North Korea is reportedly going to execute a man by firing squad for smuggling a copy of Netflix series Squid Game into the hermit kingdom, Radio Free Asia reported on Nov. 23.
RFA also reported that a high schooler who bought a USB drive containing the show was sentenced to life in prison.
The smuggler is said to have brought a copy of Squid Game into North Korea from China and sold USB flash drives containing the series.
Sources within North Korea claim his death will be carried out by firing squad.
Those who procured a copy are students.
Students in trouble
A student who bought a copy received a life sentence, while six others who watched the show have been sentenced to five years of hard labour, sources told RFA.
RFA reported a week before this incident that copies of the show were spreading in North Korea via flash drives and SD cards.
North Koreans are hooked on the show as they relate to the fictional premise of Squid Game, where participants who are deeply in debt play children's games, with those who do not win getting execute.
How students got caught
RFA reported in some detail how the seven students got caught:
“This all started last week when a high school student secretly bought a USB flash drive containing the South Korean drama Squid Game and watched it with one of his best friends in class,” a source in law enforcement in North Hamgyong province told RFA’s Korean Service Monday.
“The friend told several other students, who became interested, and they shared the flash drive with them. They were caught by the censors in 109 Sangmu, who had received a tipoff,” said the source, referring to the government strike force that specialises in catching illegal video watchers, known officially as Surveillance Bureau Group 109.
The students' arrest is notable as it marks the first time the newly passed law on the “Elimination of Reactionary Thought and Culture” is applied on minors, the source also revealed.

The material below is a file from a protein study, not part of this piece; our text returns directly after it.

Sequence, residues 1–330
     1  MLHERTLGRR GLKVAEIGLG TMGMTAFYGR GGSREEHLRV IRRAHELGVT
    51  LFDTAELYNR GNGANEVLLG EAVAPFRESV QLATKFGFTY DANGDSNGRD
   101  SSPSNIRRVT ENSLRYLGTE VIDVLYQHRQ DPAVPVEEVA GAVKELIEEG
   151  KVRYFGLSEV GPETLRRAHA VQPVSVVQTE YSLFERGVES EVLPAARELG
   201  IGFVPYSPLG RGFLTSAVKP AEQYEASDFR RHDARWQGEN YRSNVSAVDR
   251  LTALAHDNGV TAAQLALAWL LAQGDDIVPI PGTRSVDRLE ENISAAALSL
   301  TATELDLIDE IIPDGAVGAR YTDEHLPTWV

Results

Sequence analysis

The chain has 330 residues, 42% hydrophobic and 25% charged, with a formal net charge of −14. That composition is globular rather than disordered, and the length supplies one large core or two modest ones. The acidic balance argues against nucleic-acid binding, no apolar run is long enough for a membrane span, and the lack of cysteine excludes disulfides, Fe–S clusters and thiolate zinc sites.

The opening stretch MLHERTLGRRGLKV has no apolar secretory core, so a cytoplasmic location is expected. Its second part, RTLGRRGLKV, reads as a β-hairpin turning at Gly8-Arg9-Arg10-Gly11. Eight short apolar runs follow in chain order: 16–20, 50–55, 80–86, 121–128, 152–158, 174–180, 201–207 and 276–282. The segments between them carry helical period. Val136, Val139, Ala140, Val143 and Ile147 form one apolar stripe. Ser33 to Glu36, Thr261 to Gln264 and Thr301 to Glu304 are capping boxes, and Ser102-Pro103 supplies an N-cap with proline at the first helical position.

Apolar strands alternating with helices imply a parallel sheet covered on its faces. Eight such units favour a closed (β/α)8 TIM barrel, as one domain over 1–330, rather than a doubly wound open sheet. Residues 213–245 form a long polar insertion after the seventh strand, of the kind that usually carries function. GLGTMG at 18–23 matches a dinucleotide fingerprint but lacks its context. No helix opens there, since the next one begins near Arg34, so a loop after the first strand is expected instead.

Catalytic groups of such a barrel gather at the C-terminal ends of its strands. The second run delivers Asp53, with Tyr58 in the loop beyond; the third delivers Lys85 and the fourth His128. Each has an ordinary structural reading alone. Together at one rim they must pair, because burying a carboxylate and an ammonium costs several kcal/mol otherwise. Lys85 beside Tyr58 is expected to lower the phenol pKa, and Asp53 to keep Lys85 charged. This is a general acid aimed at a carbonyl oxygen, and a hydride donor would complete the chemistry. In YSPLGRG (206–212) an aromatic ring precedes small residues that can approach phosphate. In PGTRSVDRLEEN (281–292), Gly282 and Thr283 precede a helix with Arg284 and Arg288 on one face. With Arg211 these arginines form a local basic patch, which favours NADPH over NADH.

The law came into force in December 2020 and carries a maximum penalty of death for watching, keeping, or distributing media from capitalist countries, particularly from South Korea and the United States.
Those not involved also punished
The source also said lengthy investigations will be carried out by the authorities to get the seven students to reveal how the border was penetrated for a foreign cultural product to be distributed locally.
Punishments will not stop with the smuggler and students who viewed the video, however, as others with no connection to the incident will also be held responsible, the source also said.
Those remotely involved, such as the school principal, youth secretary, and homeroom teacher have been dismissed by the Central Committee, the source also alleged.
“They were also expelled from the party," the source said, adding that these adults who are punished will be banished to a life of hard labour in the rural areas.
Authorities try to catch others
In the aftermath of the students getting caught, authorities began scouring markets for memory storage devices and video CDs containing foreign media, a resident of the province told RFA.
However, another source claimed that one of the students managed to get away as one of them has rich parents who were able to bribe the authorities with US$3,000 to escape punishment.
A survey of 200 North Korean escapees living in South Korea, which was cited by the Washington Post in August 2019, revealed 90 per cent saying they consumed foreign media while living in North Korea.
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